CANDIDATES vying to become North Yorkshire’s next crime commissioner say they would launch a hard-hitting campaign to help tackle residents’ number one concern – speeding.

The say they would press for more 20mph limits and even consider drafting in firefighters to help prevent speeding motorists.

Read more: Meet the candidates vying to become North Yorkshire's next crime commissioner

Ahead of residents going to the polls on Thursday to decide who gets the £74,00-a-year role, the five candidates wanting to succeed Philip Allott have spoken of their determination to get to grips with road safety enforcement and education.

During his time in the role Mr Allott enlisted academics to help redesign efforts to tackle speeding in the county.

The aim was to enable the police to deal with safety on more than 6,000 miles of roads covering 800 villages, saying demand for enforcement was outstripping resources.

Most of the 72 county councillors agree speeding, and in particular through villages, is the most common issue that residents raise with them.

While fixed speed cameras have repeatedly been deemed an unsuitable solution for the largely rural county, the force has insisted its 12 mobile speed camera vans are used to deter speeding at accident sites.

The county’s first commissioner Julia Mulligan frequently defended the use of the vans and denied they were being used as a revenue generator, despite many residents, councillors and even former police traffic officers believing the contrary due to where they were placed.

Independent candidate Keith Tordoff said enforcement was not the only answer and that he would development new ways of dealing with road safety, involving other agencies such as the council and possibly the fire service.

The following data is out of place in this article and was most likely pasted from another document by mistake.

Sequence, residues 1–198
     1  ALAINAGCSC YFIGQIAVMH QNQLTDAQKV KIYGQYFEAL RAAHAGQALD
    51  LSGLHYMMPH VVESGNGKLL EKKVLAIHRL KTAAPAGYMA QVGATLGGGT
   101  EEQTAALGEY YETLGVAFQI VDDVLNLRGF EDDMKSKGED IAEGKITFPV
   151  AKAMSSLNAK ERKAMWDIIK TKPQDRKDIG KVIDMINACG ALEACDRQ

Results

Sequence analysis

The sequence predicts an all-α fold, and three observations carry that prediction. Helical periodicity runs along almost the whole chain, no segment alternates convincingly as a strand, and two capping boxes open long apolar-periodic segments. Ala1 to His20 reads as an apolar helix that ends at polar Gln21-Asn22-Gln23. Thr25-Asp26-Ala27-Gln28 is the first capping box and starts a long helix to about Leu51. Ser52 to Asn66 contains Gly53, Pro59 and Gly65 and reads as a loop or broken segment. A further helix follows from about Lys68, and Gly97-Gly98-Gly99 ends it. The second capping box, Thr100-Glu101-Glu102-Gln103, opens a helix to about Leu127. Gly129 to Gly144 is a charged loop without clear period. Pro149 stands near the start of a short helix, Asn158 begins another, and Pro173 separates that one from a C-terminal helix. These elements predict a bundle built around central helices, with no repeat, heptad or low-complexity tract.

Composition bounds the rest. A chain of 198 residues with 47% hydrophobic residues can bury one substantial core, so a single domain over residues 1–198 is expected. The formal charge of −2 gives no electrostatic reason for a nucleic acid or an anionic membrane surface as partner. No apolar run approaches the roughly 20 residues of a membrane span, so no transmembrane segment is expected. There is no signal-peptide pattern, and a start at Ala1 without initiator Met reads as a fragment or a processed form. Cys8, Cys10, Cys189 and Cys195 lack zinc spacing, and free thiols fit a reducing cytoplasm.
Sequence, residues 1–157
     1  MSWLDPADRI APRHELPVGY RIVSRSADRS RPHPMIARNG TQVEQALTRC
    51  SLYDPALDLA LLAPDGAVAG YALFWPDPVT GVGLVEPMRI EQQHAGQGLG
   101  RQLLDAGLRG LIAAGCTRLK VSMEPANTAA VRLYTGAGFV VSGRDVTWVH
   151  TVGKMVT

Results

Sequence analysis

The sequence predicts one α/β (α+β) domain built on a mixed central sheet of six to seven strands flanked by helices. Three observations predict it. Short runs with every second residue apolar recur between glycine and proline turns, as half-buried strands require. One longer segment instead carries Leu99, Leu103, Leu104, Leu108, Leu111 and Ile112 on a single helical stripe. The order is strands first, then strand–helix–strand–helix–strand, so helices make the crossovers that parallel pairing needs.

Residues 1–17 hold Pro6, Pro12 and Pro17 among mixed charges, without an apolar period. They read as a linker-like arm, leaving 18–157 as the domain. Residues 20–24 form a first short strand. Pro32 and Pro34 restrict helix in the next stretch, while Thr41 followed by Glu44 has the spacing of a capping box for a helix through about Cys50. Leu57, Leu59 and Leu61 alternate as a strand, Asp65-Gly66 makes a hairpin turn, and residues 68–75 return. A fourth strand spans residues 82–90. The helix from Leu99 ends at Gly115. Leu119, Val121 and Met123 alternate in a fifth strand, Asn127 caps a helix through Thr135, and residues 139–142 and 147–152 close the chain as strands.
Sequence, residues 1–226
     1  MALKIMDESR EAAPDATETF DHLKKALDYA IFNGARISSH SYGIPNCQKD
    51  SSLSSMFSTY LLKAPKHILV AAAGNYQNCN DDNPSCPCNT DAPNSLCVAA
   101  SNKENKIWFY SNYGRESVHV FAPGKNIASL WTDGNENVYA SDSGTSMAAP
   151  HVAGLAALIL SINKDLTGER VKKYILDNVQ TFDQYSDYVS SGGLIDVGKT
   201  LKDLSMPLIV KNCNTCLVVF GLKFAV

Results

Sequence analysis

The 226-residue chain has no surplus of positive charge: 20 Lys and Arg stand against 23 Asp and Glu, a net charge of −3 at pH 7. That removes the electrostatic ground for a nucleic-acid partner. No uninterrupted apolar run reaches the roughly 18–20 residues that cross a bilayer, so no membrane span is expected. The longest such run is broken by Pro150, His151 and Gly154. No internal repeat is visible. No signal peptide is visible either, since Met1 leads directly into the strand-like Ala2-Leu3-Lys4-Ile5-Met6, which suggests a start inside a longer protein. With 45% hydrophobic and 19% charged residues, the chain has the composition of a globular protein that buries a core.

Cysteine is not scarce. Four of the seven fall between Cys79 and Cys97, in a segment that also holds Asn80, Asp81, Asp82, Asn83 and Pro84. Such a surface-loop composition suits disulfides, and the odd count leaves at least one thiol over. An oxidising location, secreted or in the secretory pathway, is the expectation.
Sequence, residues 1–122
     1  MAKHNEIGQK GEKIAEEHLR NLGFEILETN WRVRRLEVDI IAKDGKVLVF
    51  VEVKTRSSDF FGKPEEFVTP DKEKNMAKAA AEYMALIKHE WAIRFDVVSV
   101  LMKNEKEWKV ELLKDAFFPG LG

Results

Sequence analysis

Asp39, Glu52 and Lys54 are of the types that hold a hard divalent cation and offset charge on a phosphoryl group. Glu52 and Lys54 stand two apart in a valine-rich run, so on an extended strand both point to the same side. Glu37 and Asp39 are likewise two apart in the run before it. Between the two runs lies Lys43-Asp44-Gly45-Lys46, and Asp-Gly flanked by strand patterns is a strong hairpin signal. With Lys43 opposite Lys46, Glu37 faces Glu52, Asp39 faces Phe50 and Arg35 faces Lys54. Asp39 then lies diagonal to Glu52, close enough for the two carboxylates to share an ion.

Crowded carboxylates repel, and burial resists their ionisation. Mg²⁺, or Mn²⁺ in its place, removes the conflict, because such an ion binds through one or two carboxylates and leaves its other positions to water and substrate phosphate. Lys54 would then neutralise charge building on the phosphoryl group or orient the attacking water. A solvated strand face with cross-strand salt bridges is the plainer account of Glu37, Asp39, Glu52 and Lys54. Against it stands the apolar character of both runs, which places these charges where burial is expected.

He added he was a supporter of the 20’s Plenty scheme, but was only in favour of reducing speed limits on roads near schools, high streets and where residents overwhelmingly want to.

Labour candidate Emma Scott-Spivey said she was backing 20’s Plenty as “road safety is a huge issue across North Yorkshire – not just in built up areas but on our country lanes and major highways”.

She said: “Some argue that spending money on reducing speeds and improving road safety should not be an expense of fighting ‘real crime’.

"I don’t agree at all. We must do everything we can to reduce speeds, reduce accidents and reduce fatalities."

Liberal Democrat James Barker highlighted less traffic during lockdowns led to some shocking levels of speeding.

He said: “If elected I will oversee a review of the police’s approach to enforcing speed limits, including how mobile speed cameras are deployed and revisiting the issue of fixed speed cameras."

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Zoe Metcalfe, who is hoping to become the third Conservative in succession to be elected, said education and more publicity were needed.

She said: “I would like to see an emphasis placed on showing drivers the impacts of their speeding from being an anti-social behaviour, a serious and dangerous activity and how their own lives can be impacted if caught breaking the law.”

Women’s Equality Party candidate Hannah Barham-Brown, said as a wheelchair user, speeding was a major concern for her. She added: “Although reducing speed limits is outside of my remit as Commissioner I will work with local councils and residents to advocate for road safety and to ensure that residents’ concerns are being heard.”

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